23 yrs. ago: 5 yr. suspended sentence; today: still being punished

Editor’s note: J.B. is the owner, publisher, and editor of a small newspaper. She first came into my life at the point in her story where she was forced to place a sign on her newspaper office at Halloween stating that no candy was available at that place. She contacted me in response to a press release regarding the sex offender / Halloween issue that NARSOL distributed last year to media in all the states. We have stayed in touch ever since.

By J.B.

I have an extraordinary employee of 18 years.

23 years ago he made a mistake with a 16-year-old employee who had a crush on him.

There are no excuses; I am just setting the scene.

My employee — we will call him J — was charged, and under an SIS — suspended imposition of sentence – he was given 5 years’ probation. He had to attend sex offender classes for the five years, and at the end of the five years, after successfully completing the probation and treatment program, his case was closed. And he was free again to go on with his life. That’s when he came into my employ.

About 9 months later, he was told he would be required to register as a sex offender on the internet. He said, no, I have never had to register; my case is closed.

A new law had been passed in Missouri that anyone having a sex offense charge after 1994 was required to register on the sex offender site.   So, he did. The information has periodically been incorrect for the 17 years he has been on it.

Three years ago, our county received a grant for a U.S. Marshal sex offender sweep.

J had moved up rapidly in my business and was a manager.   Work-a-holic J spent many nights working at the office; so did I and so do I still.   The sweep took place on Monday and Tuesday. Thursday is our day off from work. Thursday afternoon a deputy came by the office looking for J. This was two days after the sweep. A young employee who was new was really tormented by the deputy who kept asking her questions about J’s residence. She didn’t even know where he lived; she hadn’t worked for me that long. Long story short, a warrant was issued for his arrest because he wasn’t at his residence nor was he at work. Now, he had been at work from Saturday through Wednesday night, but no one ever came by or called for him.

He had an attorney, and it ended up with J, who is by now 70 years old, receiving 5 years probation, sex offender classes again for 5 years, and 200 hours of community service. Do you know how long it takes to perform 200 hours of community service while holding down a full time job?

J has a very bad heart and had surgery four years ago.   He also has bone-on-bone deterioration in his knees.

J has not had so much as a parking ticket in all of these years. He made a horrible mistake, paid for it, and 23 years later is still paying for it.

J’s parole officer this time has earned the title “the P.O. from hell.” I have never known anyone to be so mean, rude and, degrading as this person. J can do nothing right. Everyone in the office has watched him do absolutely everything she asks of him, and nothing suits her. If she can humiliate him, she will. If she can degrade him, she will.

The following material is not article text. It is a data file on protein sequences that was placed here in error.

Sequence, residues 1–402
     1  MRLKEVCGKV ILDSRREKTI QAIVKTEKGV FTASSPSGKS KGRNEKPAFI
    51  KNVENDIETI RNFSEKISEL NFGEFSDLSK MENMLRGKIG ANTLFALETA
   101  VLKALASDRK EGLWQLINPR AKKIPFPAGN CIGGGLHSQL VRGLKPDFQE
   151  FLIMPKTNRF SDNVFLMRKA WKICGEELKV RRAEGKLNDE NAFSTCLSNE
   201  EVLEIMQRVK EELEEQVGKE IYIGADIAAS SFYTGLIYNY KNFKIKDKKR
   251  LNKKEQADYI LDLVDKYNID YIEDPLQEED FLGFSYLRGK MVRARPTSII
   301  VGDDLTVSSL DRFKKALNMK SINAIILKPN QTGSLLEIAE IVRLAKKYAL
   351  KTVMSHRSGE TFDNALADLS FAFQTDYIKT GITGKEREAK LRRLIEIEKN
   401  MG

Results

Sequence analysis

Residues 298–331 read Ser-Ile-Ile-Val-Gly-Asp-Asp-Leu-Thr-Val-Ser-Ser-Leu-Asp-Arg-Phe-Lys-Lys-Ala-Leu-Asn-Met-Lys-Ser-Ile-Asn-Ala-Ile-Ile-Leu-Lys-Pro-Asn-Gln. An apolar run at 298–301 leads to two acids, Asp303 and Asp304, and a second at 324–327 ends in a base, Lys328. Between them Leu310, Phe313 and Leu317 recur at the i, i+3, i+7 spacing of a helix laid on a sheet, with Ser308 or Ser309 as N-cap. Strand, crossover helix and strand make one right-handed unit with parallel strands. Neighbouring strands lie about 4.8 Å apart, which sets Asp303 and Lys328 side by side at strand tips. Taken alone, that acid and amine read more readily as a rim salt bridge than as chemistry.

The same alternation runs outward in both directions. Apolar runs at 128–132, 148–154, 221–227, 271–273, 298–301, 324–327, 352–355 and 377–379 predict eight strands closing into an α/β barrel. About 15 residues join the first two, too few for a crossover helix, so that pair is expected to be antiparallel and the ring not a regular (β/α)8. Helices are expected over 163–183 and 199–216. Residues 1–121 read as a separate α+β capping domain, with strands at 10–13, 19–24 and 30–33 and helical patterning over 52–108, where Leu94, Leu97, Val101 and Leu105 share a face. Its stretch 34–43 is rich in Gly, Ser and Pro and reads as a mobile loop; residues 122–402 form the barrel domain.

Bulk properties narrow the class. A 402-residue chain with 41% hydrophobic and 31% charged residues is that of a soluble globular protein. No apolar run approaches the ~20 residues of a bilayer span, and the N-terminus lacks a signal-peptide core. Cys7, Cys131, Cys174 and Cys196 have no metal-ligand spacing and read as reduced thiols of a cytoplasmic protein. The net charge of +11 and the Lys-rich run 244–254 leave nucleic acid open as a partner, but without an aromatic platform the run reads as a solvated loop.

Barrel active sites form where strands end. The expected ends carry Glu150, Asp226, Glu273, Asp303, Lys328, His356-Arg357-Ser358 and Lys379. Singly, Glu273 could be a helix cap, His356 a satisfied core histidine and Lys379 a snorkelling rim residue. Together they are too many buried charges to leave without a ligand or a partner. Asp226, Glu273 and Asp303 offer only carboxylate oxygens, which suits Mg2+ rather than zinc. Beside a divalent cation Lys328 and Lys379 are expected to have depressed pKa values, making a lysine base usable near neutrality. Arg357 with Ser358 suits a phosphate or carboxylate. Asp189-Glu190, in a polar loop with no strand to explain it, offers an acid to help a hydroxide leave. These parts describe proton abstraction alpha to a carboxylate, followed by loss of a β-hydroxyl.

After the sweep, he moved into my office and rents a room there. It is a large office, and he has his own room, bathroom, kitchen, etc. The P.O. made me put a sign on my front door of the office last Halloween stating that there was no candy at that residence.

It is not a residence. It is a business. His room is in the back of the building, and his car is parked in the back, and his entrance is in the back. I would have had no problem putting a sign at the back door. But it had to be at the front.

She made him take a lie detector test two months ago.   He failed one question. She went ballistic. Of course, the polygraph, the sex offender classes, all of this costs money, his money. She demanded that he tell her who he was thinking about when he failed the question regarding children. His crime was not with children, unless you classify a 16 year old a child; I don’t. He told her he would never have a thought like that about children. She told him to write a name on paper and bring it to him or she was throwing him in jail. He was devastated!

He talked to the local authorities concerning the issue. They advised him never to be bullied into saying anything that wasn’t true.   So J wrote a note stating that he felt she had coerced him and threatened him with his job, and he was not writing anything on paper that wasn’t true. She was very angry and told him she would see him in court.

Lawyer time again. They told J. she could not have him arrested or take him to court over a lie detector test, that it is too difficult to prove what someone is thinking.   She was so angry that she put an ankle bracelet on him for three months.

That’s where he’s at now. His probation is over next July. We are all so fearful she will try to stop him getting off probation. No one understands this. J. has done nothing wrong for 23 years; he has led a very productive life, has been out in the community, and it makes no sense.

When he went to court three years ago, he had 42 letters of recommendation from our senator, representative, local mayor, councilpersons, business people, clergy, fellow employees, and people in town that grew up with his children and played at his home and adored him. One of the letters was from a senator who is the brother of the prosecuting attorney!

How about that!


Written by 

This post was written by someone, or multiple people, within NARSOL.